Back in 1992, I received a phone call from the late Walter Schmidt, who was interested in having me present at the Montreux Symposium in Switzerland. Montreux was not only one of the most beautiful cities in Switzerland, nestling on Lake Geneva and dwarfed by the magnificent Swiss Alps—it was also home to the world's leading direct marketing conference.
One of the greatest advantages of the printed newspaper is its portability factor-you can take your newspaper with you wherever you go. But what if you're out of town and want all the amenities of the physical paper, however the locale you're inhabiting at that moment doesn't carry your hometown paper? What then?
When creating a sales effort, put yourself inside the head of your prospect and see what he or she sees.
When you think of direct marketing promotions, a newsletter probably isn't the first thing that comes to mind. A lot of words (and money) are spent on brand, but few companies put out newsletters today.
Sometimes a mailing comes together organically, with an inspirational story that connects with inspiring artwork and a powerful call to action. Such is the case with this mailing from the National Parkinson Foundation.
Marketers these days have to worry about big, important issues ... branding, click-through rates, website "stickiness," you name it. But as we all know, marketing success ultimately hinges on how you handle all the little details. In other words, how you execute.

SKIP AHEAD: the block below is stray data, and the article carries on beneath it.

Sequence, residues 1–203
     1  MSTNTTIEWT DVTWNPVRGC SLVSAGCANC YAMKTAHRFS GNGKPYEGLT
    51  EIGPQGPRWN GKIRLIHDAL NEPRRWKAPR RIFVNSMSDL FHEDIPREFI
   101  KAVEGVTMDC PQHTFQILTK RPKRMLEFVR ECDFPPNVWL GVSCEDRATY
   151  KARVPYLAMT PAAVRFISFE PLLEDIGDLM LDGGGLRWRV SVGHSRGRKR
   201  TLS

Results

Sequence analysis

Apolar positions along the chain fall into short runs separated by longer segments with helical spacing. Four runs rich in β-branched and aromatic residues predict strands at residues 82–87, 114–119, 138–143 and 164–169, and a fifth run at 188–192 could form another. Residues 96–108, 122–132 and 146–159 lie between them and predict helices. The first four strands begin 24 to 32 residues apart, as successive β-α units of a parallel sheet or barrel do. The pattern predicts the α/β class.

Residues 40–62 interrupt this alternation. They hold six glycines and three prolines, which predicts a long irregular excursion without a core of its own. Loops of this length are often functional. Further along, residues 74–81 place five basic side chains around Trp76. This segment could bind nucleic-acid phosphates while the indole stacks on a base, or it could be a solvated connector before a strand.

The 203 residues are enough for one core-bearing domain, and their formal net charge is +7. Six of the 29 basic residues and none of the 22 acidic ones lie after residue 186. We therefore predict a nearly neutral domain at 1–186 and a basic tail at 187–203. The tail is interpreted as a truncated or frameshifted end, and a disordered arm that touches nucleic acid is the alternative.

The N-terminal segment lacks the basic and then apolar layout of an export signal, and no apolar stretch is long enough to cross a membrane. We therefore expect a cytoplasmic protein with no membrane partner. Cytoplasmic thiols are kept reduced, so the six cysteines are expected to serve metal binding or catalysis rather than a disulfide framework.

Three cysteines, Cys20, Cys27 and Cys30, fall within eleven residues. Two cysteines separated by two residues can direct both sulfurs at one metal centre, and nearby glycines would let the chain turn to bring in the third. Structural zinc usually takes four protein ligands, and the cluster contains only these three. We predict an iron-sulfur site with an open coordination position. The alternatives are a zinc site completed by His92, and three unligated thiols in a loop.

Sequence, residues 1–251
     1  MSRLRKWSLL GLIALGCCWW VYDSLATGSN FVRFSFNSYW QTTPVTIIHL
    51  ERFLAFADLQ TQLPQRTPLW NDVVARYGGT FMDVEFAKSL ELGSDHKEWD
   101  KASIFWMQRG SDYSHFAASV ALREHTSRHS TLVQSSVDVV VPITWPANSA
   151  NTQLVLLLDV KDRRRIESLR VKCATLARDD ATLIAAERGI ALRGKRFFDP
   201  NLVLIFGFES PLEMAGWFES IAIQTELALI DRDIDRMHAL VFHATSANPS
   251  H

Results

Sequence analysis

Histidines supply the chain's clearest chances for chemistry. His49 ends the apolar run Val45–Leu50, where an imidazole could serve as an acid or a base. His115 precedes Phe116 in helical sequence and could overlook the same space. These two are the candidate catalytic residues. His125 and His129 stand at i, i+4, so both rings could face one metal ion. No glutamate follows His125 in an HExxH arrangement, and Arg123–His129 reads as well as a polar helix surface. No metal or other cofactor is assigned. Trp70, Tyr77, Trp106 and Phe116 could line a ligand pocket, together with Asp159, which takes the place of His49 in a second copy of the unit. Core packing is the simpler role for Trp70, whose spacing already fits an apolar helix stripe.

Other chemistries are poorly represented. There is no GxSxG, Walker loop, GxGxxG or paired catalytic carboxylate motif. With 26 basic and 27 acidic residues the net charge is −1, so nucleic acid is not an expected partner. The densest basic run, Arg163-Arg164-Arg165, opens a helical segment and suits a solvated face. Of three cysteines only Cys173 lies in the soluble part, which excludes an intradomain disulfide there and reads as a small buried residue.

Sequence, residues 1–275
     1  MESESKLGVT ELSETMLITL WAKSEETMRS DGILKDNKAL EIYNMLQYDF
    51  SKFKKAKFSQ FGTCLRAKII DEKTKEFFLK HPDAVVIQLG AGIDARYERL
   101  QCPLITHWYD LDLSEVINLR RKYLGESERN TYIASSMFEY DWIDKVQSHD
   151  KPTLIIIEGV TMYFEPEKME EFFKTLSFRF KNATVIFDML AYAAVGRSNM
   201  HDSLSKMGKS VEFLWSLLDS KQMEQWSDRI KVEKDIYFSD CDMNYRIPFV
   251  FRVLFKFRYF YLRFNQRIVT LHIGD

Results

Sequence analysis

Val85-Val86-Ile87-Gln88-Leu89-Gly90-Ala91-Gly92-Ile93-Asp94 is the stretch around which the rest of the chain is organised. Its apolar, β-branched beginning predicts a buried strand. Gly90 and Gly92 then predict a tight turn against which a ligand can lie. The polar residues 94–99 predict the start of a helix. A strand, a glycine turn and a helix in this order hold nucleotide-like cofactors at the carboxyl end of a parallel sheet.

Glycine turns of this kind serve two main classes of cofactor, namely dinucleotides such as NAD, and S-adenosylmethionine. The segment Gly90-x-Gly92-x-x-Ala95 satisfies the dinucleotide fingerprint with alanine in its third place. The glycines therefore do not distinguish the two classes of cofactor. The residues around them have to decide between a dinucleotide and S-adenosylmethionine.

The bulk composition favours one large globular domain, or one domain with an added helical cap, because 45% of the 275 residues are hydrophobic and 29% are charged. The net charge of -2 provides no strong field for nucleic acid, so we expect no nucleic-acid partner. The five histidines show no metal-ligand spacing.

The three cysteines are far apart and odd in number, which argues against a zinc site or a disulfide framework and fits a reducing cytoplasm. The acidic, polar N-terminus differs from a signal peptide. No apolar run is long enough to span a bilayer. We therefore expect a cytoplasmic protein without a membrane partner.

The Norwegian company Tandberg, which provides high-definition video conferencing solutions for corporations of all sizes, wanted to get the attention of C-level executives in four verticals: finance, manufacturing, utilities and health care. It also wanted to get to them quickly. After all, its new line of products had been delayed, giving competitors a head start, so the firm needed a direct mail effort that would hopefully disrupt any sales process.
In this era of personalized messaging, direct marketing can become a dicey proposition for organizations that target a vast array of consumers. However, Consumer Reports, the consumer products education and empowerment magazine for consumer advocate nonprofit Consumers Union, uses its popular brand as an independent expert on all products to its advantage in reaching its wide-ranging audience.
Writing about the economic downturn in a direct mail package can be a sensitive subject. To date, only a handful of direct marketers have attempted to do so and gotten it right. You don't want to remind consumers of how bad things are and get them in a penny-pinching state of mind when you are trying to promote your product or service. But if your product or service provides added value to protect consumers during a downturn, then the faltering economy can, in effect, become a selling point.
Over lunch the other day, a friend of mine told me a true story that I want to share with you. A copywriter at a well-known advertising agency recently wrote a 30-second TV commercial and showed it to his boss. The Associate Creative Director read it over and said "It's a great spot, but isn't something missing?" "What's that?" asked the copywriter. "The product," replied his boss. "You forgot to mention the client's product!"